Commonplace Consequentialism

Commonplace Consequentialism August 24, 2007

The notion that the morality of an act depends solely on a calculation of foreseeable consequences is endemic in our society. How many people truly believe that the rightness of the act depends primarily on the object chosen by the deliberate will, and that intentions or consequences are irrelevant if the chosen behavior is evil? Consider the following seven (obviously non-exhaustive) examples:

(1) The nuclear bombing of Hiroshima and Nagasaki was licit on the grounds that it brought an early end to the war, saving countless lives on both sides.

(2) Abortion can be justified on the grounds that the woman’s health, happiness, and prospects will be improved by terminating the pregnancy.

(3) Torture can be licit in the case of a “ticking bomb” scenario, as the number one priority is to extract any information that could save countless lives.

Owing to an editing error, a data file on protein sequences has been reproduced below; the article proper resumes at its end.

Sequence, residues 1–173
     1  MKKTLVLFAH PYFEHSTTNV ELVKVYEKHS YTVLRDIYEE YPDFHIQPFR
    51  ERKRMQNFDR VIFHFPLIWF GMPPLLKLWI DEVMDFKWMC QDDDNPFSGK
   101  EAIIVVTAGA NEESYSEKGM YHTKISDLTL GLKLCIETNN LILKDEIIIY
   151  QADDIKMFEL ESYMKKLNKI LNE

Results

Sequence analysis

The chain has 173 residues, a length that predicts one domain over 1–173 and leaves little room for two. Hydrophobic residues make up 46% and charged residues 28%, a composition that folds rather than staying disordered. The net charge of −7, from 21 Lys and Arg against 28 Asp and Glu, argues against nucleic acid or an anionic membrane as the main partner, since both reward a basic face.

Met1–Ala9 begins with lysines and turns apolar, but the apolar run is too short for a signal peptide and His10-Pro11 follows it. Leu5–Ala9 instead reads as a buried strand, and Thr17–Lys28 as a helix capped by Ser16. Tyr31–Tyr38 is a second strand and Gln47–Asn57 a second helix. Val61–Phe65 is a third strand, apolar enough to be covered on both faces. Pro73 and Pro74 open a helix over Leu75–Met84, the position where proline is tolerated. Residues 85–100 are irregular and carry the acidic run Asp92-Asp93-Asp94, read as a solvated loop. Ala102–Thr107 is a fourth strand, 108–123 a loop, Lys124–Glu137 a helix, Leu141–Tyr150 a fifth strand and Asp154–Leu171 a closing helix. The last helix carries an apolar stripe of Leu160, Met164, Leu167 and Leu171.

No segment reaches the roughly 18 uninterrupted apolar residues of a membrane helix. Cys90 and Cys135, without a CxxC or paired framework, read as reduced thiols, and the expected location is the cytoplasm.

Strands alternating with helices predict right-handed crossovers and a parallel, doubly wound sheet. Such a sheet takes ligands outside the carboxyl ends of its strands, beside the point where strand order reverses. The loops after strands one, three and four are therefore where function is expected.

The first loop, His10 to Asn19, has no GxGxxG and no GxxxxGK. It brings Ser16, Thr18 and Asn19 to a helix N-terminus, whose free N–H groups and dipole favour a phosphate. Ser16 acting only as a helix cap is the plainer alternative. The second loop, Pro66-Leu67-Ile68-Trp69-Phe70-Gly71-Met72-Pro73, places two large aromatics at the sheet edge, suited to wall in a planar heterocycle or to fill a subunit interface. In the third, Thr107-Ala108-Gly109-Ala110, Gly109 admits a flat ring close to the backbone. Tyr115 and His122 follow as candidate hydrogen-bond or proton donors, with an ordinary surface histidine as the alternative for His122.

(4) Embryonic stem cell research is worthy of support, on the grounds that if offers the prospect of revolutionary medical benefits.

(5) On Sept 11, 2001, the administration was right to give the order to shoot down a plane hijacked by terrorists, preventing the mass carnage that would have arisen had the terrorist plans come to fruition.

(6) China’s one child policy is to be praised, as its rapid economic success and improvement in living standards depended crucially on controlling its demographics.

(7) Pinochet revolutionized the Chilean economy in a sea of economic backwaters, and so should be praised, despite his record of murder and human rights abuses.

What strikes me about these examples is that they span the entire political spectrum. Most people would support some of the above statements, and reject others. And the split would probably fall along standard left-right divisions. But how many people out there would seriously reject all 7 of these arguments? Very few, I would contend. We are a consequentialist culture.

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